EFFECTS OF SEO
Domain Rise

Domain Rise

I recently purchased a domain back from a client group that didn’t let me apply search enginge optimization the way I know how to do it after they ruined it and went out of business. RIP. After over a year getting one visit to the site a month I did this (a lot of prep work went into this of course). …and I don’t have to tell anyone how happy I am knowing NOBODY is going to stomp on THIS sand castle!

It’s not even 7am on Sunday and look at those numbers soar! Yee haa! Folks, SEO (search engine optimization) has rules. It’s not magic. Force your SEO to disregard and break those rules at your own peril!

Search engine optimization is about establishing expertise, about relevance, timeliness and most importantly – responding to your client needs! If you can’t respond to the clients desires, wants and needs then you’re going to have a problem no matter what your business is.

On this site I’m using Google Alerts to and analytics to establish what’s being looked for and also what they want. This means that I have to write about what they’re looking for but also see what brought them to the site in the first place (say they visited for a search phrase the site is currently on page 3 or 4 for) …and then beef up the site with information about that particular topic. It requires time and work. Only relevant quality work will bring you results… and page views are one indicator that will help you know whether that work is paying off.*

* Page views alone aren’t the is all and end all. At first page views and higher hits may be higher (depending upon the type of site it is), but these numbers will be purposely pared down to “funnel” prospects to the right page (the purchase or sign up page) – get them in and get them there, rather than have them click around all day getting lost and eventually leave. So analytics also helps there as well. Targeted traffic via responsive page topic building (relevant, bookmarkable, shareable, valuable timely content), then pare off what isn’t working (fewer hits and page views, but more conversions and transactions = more $$ and sign ups but because this is what Google sees as “quality”, higher ranking too!).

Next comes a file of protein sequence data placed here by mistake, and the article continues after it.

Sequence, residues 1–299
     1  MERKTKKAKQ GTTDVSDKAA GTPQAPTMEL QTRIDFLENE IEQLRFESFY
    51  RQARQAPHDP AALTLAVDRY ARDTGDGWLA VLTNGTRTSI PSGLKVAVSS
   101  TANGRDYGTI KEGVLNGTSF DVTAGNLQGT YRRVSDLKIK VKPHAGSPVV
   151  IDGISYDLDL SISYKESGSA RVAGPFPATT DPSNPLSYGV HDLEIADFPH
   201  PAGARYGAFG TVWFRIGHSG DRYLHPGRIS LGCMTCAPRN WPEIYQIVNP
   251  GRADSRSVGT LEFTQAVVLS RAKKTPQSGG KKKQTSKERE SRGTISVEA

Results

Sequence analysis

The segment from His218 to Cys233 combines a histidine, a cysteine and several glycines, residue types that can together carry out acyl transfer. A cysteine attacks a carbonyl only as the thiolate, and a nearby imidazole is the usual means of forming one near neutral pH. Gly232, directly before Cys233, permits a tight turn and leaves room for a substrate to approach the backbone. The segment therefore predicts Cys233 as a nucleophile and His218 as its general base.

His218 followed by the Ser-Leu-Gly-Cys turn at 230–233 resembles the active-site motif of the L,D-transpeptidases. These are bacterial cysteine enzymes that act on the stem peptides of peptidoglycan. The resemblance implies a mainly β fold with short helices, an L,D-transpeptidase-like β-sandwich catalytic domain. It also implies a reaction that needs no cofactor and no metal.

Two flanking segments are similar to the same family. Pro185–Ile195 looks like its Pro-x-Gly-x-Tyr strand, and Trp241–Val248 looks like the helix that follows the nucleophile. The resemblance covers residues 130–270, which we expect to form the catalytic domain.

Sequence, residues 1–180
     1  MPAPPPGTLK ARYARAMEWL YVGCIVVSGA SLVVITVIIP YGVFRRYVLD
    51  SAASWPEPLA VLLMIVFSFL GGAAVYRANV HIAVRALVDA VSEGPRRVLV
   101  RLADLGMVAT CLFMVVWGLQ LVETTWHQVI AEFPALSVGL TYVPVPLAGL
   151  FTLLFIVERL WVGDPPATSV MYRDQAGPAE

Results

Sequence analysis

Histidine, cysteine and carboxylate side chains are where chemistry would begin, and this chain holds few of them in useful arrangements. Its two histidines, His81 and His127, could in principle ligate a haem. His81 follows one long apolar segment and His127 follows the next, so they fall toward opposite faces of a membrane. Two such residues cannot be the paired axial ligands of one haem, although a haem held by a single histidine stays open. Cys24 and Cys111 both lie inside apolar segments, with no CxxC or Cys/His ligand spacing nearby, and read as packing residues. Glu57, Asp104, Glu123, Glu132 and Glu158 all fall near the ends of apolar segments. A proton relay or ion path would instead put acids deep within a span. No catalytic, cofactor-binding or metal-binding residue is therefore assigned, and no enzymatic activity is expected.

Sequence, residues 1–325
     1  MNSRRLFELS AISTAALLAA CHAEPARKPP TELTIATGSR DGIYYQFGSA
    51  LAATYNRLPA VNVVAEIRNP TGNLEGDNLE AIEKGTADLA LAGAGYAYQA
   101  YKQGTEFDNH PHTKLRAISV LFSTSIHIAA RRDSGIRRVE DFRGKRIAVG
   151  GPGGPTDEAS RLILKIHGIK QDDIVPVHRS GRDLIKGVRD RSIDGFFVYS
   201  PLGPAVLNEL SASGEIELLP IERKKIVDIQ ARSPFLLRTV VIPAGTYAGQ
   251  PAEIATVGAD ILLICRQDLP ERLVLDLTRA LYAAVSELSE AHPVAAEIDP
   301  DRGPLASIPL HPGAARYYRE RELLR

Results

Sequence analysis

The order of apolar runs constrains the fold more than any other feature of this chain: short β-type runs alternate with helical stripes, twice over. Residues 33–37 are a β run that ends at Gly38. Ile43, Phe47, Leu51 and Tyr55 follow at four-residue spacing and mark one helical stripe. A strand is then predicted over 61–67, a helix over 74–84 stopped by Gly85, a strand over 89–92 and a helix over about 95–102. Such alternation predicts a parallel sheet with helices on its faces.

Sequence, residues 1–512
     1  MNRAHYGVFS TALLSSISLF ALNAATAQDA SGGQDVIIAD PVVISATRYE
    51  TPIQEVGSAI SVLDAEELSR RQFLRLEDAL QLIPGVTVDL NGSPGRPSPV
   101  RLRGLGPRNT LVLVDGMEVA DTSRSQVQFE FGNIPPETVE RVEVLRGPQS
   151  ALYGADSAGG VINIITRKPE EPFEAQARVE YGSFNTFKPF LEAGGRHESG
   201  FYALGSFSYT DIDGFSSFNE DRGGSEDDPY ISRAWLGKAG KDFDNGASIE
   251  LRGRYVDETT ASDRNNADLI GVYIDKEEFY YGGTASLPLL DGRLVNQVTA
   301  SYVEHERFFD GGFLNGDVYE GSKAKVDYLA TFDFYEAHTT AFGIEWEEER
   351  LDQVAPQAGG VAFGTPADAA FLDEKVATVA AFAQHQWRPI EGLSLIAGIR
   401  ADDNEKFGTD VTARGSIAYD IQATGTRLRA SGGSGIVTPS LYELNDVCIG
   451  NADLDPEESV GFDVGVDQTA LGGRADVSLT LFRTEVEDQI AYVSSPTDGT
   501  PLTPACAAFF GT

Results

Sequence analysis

{ 5 comments }

1 Jane May 5, 2013 at 12:12 pm

so what do you think you did that made the most difference?

2 Dave Curtis May 5, 2013 at 12:24 pm

That’s like asking what part of the trip to the top of the Himalayas is most important. Answer: the gloves. …no, wait… the ear muffs… no, wait, the map… It’s an integrated whole, Jane, and it also depends upon the type of site it is. Some require gaining trust – if sales are offered, for instance, is your phone number there? Is a physical address or PO box (at the very least!) on your site? Do you have a return policy? Trust factors enter into gaining new business, quality and reliable, consistently quick delivery add reassurance. There are a lot of factors – stacks of books worth and hundreds of thousands of web pages studied over the years to glean those kernels of what’s needed. I no longer attempt to go into the details with clients. They either listen to me or they don’t. Hire an expert in any field and you’ve hired that person for their expert knowledge in that particular field you’ve hired him or her for. Then let that person do the job – and interfere at your own peril. Whether it be a racing car or a sand castle – inexperienced non expert hands on making the decisions is going to result in the same thing in each case.

3 Dave Curtis May 5, 2013 at 12:24 pm

…also, if you’re doing a “hobby site” where you don’t have to rely upon it for all of your income you can bend and even break rules and still make money. But if you’re site is there strictly for business to support you and any employees, pay all the bills – you *must* adhere strictly to every single rule there is. This is competition in the real world.

4 Sheri May 5, 2013 at 12:42 pm

Tell em David!!

5 Dave Curtis May 5, 2013 at 12:43 pm

Thanks Sheri. They may not like it, but I have to tell them first, because when they crash it and burn it, telling them later doesn’t help – and they can’t say I didn’t warn them and then try to blame me later. It’s *My Way or Off The Superhighway!*

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